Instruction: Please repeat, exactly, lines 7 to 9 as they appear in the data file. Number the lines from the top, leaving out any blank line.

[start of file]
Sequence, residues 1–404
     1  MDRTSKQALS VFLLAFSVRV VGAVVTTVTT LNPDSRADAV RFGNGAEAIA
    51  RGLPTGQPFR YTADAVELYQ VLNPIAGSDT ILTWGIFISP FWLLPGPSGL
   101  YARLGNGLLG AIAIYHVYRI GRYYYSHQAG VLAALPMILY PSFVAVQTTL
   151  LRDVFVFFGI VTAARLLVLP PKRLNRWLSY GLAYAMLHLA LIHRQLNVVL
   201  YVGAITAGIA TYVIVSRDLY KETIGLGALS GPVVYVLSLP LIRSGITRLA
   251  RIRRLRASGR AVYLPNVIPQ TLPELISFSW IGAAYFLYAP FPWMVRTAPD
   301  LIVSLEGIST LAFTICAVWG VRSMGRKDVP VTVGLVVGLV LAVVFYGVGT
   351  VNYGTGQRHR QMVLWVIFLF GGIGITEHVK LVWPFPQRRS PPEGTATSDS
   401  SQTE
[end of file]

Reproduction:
   251  RIRRLRASGR AVYLPNVIPQ TLPELISFSW IGAAYFLYAP FPWMVRTAPD
   301  LIVSLEGIST LAFTICAVWG VRSMGRKDVP VTVGLVVGLV LAVVFYGVGT
   351  VNYGTGQRHR QMVLWVIFLF GGIGITEHVK LVWPFPQRRS PPEGTATSDS